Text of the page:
The Colorado Department of Public Safety has issued a report showing the effects of legalizing marijuana in the state. This is the first official report, combining data from local, state and federal sources.
With regards to public safety, arrests related to marijuana dropped by nearly half between 2012 and 2014. Possession and sales of the drug were cut by 24%.
El Paso County tallied a 30% decrease in marijuana-related arrests, but recorded an increase in overall use.
In demographics, cannabis use increased by 10% for the 18-25 bracket, from 21% in 2006 to 31% in 2014. Those over the age of 26 also saw a slight rise in use.
Among high school teens, marijuana use dipped from 23% in 2005 to under 20% in 2013. On the other hand, 41% of school expulsions during 2014-2015 was attributed to drug use.
Hospital visits related to marijuana have tripled. Before legalization, there were over 800 per 100,000 patients. The number has since jumped to 2,400 in 100,000. DPS also noted that the cannabis-related cases only showed signs of possible use.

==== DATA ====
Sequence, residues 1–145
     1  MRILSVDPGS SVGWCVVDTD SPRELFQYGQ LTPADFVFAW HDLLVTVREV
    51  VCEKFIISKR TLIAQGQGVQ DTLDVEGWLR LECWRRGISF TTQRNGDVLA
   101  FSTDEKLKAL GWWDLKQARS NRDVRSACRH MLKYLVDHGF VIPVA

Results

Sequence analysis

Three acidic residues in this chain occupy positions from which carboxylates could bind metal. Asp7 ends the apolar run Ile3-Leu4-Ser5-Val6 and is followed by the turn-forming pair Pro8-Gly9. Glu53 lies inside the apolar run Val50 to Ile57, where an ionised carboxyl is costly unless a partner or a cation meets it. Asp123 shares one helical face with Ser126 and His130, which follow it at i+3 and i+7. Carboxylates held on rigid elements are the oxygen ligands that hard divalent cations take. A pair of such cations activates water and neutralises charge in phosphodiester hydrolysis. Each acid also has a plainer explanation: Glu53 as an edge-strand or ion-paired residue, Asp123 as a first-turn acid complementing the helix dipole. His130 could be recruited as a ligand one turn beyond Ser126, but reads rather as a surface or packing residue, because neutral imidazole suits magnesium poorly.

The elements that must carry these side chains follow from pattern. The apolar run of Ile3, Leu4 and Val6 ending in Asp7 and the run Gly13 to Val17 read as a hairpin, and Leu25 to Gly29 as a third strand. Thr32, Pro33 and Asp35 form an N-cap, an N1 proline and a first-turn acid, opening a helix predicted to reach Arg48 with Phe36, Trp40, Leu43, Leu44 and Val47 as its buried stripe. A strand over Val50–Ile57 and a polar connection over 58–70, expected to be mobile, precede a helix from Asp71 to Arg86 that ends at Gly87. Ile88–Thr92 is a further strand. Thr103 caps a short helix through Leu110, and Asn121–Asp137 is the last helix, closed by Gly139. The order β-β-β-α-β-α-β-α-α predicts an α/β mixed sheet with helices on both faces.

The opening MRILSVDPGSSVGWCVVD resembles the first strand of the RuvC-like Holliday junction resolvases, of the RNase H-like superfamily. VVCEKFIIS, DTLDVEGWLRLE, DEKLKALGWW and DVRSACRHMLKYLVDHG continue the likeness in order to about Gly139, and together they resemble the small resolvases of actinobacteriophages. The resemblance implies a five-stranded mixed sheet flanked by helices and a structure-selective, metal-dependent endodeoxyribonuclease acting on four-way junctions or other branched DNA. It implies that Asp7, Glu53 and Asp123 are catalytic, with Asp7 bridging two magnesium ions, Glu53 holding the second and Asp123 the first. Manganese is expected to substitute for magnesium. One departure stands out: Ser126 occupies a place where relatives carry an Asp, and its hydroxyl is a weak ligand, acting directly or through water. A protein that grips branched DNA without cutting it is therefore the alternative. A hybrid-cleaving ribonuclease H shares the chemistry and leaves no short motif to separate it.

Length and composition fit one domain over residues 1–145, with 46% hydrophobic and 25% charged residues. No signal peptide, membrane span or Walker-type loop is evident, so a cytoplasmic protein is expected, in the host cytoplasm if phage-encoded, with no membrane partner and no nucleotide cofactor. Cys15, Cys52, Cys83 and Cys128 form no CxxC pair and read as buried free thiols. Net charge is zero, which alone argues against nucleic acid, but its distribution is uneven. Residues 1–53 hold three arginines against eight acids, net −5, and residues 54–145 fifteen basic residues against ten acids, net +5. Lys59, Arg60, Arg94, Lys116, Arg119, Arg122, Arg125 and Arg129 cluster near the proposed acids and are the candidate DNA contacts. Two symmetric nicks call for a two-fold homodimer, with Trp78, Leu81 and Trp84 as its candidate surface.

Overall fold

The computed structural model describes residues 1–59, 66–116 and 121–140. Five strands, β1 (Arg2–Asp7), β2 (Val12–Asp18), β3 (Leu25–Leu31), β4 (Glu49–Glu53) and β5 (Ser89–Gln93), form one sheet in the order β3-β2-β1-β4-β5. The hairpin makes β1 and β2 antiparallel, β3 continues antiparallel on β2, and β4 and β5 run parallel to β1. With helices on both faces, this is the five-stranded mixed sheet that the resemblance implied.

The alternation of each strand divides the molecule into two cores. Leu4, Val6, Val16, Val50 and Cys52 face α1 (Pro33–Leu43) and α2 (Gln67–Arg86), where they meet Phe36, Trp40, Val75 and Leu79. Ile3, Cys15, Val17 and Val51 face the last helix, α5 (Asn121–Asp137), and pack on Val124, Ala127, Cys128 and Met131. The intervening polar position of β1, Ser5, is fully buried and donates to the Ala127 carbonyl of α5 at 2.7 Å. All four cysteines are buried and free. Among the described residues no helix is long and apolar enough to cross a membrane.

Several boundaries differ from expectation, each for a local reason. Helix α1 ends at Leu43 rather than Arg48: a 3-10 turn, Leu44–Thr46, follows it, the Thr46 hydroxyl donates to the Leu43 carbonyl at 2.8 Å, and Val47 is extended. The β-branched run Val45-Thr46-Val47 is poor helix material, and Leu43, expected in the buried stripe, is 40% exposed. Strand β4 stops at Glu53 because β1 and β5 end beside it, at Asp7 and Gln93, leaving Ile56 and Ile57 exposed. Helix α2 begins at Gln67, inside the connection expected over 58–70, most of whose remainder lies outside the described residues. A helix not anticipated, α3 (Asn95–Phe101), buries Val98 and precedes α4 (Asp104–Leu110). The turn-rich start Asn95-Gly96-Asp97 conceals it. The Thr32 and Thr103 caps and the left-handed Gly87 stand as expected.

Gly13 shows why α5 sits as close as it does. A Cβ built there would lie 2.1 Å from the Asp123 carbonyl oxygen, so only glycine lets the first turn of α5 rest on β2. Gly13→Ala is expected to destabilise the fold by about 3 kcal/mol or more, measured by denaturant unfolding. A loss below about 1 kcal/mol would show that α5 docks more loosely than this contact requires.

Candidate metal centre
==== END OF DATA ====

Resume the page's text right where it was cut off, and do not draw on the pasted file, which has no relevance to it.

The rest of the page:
An article from Forbes by Jacob Sullum states the following tentative conclusions: de-criminalizing an act equals fewer criminals, legal marijuana use seems to have no effect on crime rates, there is no concrete evidence of how legalization affects traffic safety, cannabis consumption is higher – or perhaps users are more honest about it, the effects of legalizing cannabis use is unclear in teenagers, marijuana mentions in medical records have become more frequent, availability of marijuana raises poison control calls, and “respecting human rights means respecting human choices.”
Colorado passed the Colorado Amendment 64 in 2012, legalizing the personal use of marijuana for recreational purposes. While regulated across its counties, the law has put Colorado on the map, so far as to draw a “marijuana tourism” crowd.